Obviously life happens and we cannot control every single thing. There will be unexpected occurrences that you simply might not be prepared for. But you can’t let those things, like one of you losing your job, shake you. Before committing to buying a house together, have a very real conversation about what will happen if one of you loses your job.
You need to be on the same page about if the other person will need to pick up some of the financial slack, how soon the person who lost their job should begin to look for another, and what you need to do in the meantime.
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Question 5: What separate time and space do you both need?
Let’s be honest, codependency in relationships is very real. That is why you need to both be very clear with one another about what personal time and space you require. It is simply unrealistic to expect to be with one another every moment of every day, and honestly it’s also draining to spend that much time with one person.
While you might be buying a house together so that you can see more of each other, you still need alone time for yourself. If you are spending every waking moment of your free time together, it can cause irritability and issues in your relationship down the line.
If you don’t already, schedule time for yourselves as individuals into your week. This can be as simple as gym time, a nail appointment or even dinner with your individual friends. Having time apart will help you to cherish the time you do spend together even more.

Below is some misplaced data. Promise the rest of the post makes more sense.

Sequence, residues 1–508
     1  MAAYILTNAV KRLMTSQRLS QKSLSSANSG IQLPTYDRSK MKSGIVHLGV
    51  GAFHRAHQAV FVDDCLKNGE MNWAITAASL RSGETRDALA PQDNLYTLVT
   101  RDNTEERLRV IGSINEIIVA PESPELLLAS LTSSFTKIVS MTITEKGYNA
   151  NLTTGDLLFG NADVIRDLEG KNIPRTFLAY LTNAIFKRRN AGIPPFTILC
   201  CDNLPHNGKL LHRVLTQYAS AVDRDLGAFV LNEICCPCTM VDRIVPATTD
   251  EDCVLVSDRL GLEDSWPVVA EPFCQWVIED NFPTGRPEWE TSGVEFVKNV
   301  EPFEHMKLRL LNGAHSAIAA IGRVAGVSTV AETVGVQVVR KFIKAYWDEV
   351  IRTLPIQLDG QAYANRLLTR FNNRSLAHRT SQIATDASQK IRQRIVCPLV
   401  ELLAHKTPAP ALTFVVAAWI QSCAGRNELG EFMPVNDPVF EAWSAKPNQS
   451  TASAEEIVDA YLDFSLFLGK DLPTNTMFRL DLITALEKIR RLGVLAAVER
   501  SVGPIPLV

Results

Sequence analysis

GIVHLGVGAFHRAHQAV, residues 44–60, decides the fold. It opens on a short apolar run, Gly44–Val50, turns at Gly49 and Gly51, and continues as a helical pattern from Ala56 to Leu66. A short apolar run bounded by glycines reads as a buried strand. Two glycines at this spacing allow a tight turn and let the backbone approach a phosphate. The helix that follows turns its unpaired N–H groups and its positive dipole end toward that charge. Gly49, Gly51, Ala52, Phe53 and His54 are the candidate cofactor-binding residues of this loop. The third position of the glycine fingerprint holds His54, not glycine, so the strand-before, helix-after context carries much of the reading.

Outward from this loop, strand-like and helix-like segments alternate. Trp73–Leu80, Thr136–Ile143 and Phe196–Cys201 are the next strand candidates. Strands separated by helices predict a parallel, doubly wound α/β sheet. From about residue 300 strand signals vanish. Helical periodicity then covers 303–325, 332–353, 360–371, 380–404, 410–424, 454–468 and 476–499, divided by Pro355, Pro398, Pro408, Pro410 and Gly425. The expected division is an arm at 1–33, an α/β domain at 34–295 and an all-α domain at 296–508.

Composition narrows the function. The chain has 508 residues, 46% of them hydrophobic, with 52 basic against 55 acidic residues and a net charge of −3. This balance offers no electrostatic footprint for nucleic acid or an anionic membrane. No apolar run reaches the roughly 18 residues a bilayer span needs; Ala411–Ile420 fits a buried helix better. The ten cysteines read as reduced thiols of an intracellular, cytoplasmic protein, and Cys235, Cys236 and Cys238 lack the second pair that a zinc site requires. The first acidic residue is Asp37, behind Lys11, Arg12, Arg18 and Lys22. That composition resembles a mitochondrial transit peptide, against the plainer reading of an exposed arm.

Question 6: What are your expectations about household chores?
Household chores can be a touchy subject but it is essential that you talk about how to split chores with your partner. Remember, we are all brought up differently. Some people grew up with the “traditional” thinking that all household chores and management is done by the woman. Others grew up with a more modern thinking that everyone should contribute to household maintenance.
This is incredibly important to talk about because the last thing you want is to buy a house with someone and later on find out that they expect you to do all of the laundry, cooking, and cleaning on top of working 40 hours a week. Even if you find this traditional gender role ridiculous, you need to remember that this might be all your significant other knows. While you might want to be harsh about it, you shouldn’t be.
Instead help them understand why it is important that you share the work. Talk about what you’re willing to do yourself, what they are willing to do, and what you can do together. Housework doesn’t have to be a solo task and tackling it together can make your relationship even stronger.
Question 7: Have you tested your relationship?
It can be hard to know how your relationship will react to certain stressors, like buying a home and living together full-time. While it isn’t a game, you should try putting your relationship to the test with the full knowledge and participation of your partner. One fun way to do this is to first see if your relationship can withstand a road trip by taking a romantic getaway. If you can withstand hours alone in a car together, followed by some time by yourselves, then there is a good chance you can also functionally live together.
Another good test is to run the idea by both of your families. They might have some opinions about you buying a house together before being married, and it is important to know their thoughts and listen to their advice. You should also be able to depend on your partner, and vice versa, to defend you and your relationship in front of their family. After hearing your families out, remember that ultimately the decision is up to the two of you.
Buying a home is a huge individual milestone. When you’re buying the house with your significant other before marriage, it becomes an even bigger moment and decision. Before taking that leap together and making that huge investment, ask one another these questions. Being on the same page about these questions will ensure that you’re both ready for this step and that it will help your relationship thrive in its next chapter.